|US5452442 *||Apr 14, 1995||Sep 19, 1995||International Business Machines Corporation||Methods and apparatus for evaluating and extracting signatures of computer viruses and other undesirable software entities|
|US5485575 *||Nov 21, 1994||Jan 16, 1996||International Business Machines Corporation||Automatic analysis of a computer virus structure and means of attachment to its hosts|
|US5696822 *||Sep 28, 1995||Dec 9, 1997||Symantec Corporation||Polymorphic virus detection module|
|US5826013 *||Jan 8, 1997||Oct 20, 1998||Symantec Corporation||Polymorphic virus detection module|
|US5951698 *||Oct 2, 1996||Sep 14, 1999||Trend Micro, Incorporated||System, apparatus and method for the detection and removal of viruses in macros|
|US20020073330 *||Jul 14, 2001||Jun 13, 2002||Computer Associates Think, Inc.||Detection of polymorphic script language viruses by data driven lexical analysis|
|US20050102601 *||Nov 12, 2003||May 12, 2005||Joseph Wells||Static code image modeling and recognition|
|Citing Patent||Filing date||Publication date||Applicant||Title|
|US7640587 *||Dec 29, 2009||International Business Machines Corporation||Source code repair method for malicious code detection|
|US7707634 *||Jan 30, 2004||Apr 27, 2010||Microsoft Corporation||System and method for detecting malware in executable scripts according to its functionality|
|US7707635 *||Oct 6, 2005||Apr 27, 2010||Trend Micro Incorporated||Script-based pattern for detecting computer viruses|
|US7725735||Mar 29, 2005||May 25, 2010||International Business Machines Corporation||Source code management method for malicious code detection|
|US7840958 *||Feb 17, 2006||Nov 23, 2010||Trend Micro, Inc.||Preventing spyware installation|
|US7844828 *||Dec 6, 2004||Nov 30, 2010||Axalto Sa||Method to secure the execution of a program against attacks by radiation or other|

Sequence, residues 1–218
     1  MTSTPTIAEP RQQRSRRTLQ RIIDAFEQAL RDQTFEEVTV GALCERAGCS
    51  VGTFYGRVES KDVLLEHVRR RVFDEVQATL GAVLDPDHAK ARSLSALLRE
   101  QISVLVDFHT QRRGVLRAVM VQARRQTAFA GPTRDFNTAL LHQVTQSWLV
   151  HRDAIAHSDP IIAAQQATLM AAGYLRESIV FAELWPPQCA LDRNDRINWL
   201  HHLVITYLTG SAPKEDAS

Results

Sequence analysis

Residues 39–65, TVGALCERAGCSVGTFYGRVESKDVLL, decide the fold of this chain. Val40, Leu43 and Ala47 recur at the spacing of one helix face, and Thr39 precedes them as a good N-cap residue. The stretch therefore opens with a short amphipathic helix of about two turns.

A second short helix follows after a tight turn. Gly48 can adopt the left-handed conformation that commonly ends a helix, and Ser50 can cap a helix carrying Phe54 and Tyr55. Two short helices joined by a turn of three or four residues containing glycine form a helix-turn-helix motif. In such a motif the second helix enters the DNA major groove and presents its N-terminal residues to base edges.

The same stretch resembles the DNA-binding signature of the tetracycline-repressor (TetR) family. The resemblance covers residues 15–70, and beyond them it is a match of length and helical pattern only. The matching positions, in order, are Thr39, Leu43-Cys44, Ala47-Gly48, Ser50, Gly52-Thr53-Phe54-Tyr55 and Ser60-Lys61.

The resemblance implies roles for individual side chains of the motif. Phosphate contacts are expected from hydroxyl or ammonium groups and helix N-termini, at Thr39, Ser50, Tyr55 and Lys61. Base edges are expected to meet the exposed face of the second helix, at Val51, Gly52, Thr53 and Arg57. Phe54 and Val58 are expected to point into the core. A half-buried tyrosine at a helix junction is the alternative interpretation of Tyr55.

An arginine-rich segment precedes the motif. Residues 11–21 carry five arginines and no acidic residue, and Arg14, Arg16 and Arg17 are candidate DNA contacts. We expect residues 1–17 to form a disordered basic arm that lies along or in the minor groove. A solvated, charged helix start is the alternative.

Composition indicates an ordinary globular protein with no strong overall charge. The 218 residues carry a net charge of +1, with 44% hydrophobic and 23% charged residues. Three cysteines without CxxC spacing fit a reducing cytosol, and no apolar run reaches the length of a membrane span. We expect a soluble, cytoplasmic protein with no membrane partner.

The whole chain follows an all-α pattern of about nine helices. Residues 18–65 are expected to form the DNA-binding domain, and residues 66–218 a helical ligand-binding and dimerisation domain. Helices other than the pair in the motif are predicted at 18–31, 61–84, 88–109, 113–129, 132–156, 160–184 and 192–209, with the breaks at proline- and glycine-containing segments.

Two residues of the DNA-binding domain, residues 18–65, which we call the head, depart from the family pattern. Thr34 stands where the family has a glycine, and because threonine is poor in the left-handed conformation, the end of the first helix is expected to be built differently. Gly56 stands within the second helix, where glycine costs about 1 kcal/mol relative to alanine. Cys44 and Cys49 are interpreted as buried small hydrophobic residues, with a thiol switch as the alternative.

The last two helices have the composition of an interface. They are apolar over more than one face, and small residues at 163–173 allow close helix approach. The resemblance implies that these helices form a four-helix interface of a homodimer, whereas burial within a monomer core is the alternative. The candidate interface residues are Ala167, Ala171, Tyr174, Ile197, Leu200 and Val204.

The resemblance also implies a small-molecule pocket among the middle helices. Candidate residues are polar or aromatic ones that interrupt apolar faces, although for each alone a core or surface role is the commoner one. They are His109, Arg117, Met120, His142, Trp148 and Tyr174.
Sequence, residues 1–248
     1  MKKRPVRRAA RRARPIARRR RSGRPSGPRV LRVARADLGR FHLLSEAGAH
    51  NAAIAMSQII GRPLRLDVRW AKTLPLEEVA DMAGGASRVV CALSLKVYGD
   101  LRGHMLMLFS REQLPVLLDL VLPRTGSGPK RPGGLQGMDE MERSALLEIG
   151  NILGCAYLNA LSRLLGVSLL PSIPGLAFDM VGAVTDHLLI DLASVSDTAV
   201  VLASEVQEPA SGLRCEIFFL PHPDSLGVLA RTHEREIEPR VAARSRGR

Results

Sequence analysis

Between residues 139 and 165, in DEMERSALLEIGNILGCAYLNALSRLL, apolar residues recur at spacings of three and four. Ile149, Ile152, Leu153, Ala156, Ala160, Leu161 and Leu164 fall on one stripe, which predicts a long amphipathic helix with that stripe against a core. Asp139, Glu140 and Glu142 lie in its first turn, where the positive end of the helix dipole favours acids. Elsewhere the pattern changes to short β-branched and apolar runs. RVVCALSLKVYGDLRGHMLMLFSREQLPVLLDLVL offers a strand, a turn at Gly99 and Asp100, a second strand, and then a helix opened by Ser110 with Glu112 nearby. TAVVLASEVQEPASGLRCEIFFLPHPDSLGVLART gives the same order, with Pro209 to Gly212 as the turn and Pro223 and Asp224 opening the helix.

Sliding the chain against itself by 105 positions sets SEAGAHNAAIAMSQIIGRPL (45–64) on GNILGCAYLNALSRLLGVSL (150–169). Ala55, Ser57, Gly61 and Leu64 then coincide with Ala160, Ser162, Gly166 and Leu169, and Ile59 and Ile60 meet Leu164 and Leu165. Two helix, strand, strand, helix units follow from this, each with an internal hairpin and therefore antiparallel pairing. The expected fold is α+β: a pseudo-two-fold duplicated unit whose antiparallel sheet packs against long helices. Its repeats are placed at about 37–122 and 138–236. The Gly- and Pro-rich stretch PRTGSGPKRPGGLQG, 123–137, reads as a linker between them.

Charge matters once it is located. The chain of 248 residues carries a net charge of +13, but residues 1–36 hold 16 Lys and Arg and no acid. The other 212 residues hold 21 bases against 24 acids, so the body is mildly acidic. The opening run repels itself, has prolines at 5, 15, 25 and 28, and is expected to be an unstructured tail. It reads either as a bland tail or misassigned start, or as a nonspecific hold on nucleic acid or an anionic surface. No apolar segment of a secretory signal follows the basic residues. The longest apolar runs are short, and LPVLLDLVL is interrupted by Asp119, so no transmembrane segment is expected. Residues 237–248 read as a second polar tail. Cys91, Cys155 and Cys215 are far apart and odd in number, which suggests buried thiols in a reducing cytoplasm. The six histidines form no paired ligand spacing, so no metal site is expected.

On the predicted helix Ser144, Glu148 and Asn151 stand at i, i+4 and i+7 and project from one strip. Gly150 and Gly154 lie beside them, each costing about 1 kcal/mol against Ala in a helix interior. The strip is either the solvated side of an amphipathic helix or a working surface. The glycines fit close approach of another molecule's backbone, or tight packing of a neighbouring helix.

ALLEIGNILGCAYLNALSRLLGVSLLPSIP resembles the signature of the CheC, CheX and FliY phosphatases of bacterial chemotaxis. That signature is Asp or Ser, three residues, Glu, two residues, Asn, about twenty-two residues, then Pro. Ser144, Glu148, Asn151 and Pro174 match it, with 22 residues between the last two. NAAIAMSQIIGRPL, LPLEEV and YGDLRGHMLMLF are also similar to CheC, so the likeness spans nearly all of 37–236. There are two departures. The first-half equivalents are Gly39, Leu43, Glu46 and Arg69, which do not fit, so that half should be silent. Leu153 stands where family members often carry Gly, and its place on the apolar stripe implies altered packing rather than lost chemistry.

|US7865947||Apr 12, 2010||Jan 4, 2011||Whitecell Software, Inc.||Computer system lock-down|
|US7954158 *||May 31, 2011||International Business Machines Corporation||Characterizing computer attackers|
|US8051483 *||Nov 1, 2011||Fortinet, Inc.||Systems and methods for updating content detection devices and systems|
|US8056135||Nov 8, 2011||Fortinet, Inc.||Systems and methods for updating content detection devices and systems|
|US8069487||Nov 29, 2011||Fortinet, Inc.||Cloud-based application whitelisting|
|US8108315 *||Jan 31, 2012||Hewlett-Packard Development Company, L.P.||Discovering software code subject to licenses|
|US8112799||Feb 7, 2012||Symantec Corporation||Method, system, and computer program product for avoiding cross-site scripting attacks|
|US8151109||Mar 11, 2011||Apr 3, 2012||Fortinet, Inc.||Selective authorization of the loading of dependent code modules by running processes|
|US8161548||Apr 17, 2012||Trend Micro, Inc.||Malware detection using pattern classification|
|US8201244 *||Jun 12, 2012||Microsoft Corporation||Automated malware signature generation|
|US8205260||Dec 19, 2007||Jun 19, 2012||Symantec Operating Corporation||Detection of window replacement by a malicious software program|
|US8261344||Jun 30, 2006||Sep 4, 2012||Sophos Plc||Method and system for classification of software using characteristics and combinations of such characteristics|
|US8276205||Sep 22, 2011||Sep 25, 2012||Fortinet, Inc.||Systems and methods for updating content detection devices and systems|
|US8365286 *||Jan 29, 2013||Sophos Plc||Method and system for classification of software using characteristics and combinations of such characteristics|
|US8387139 *||Feb 26, 2013||Microsoft Corporation||Thread scanning and patching to disable injected malware threats|
|US8464050||Apr 3, 2012||Jun 11, 2013||Fortinet, Inc.||Selective authorization of the loading of dependent code modules by running processes|
|US8627099 *||Aug 1, 2005||Jan 7, 2014||Mcafee, Inc.||System, method and computer program product for removing null values during scanning|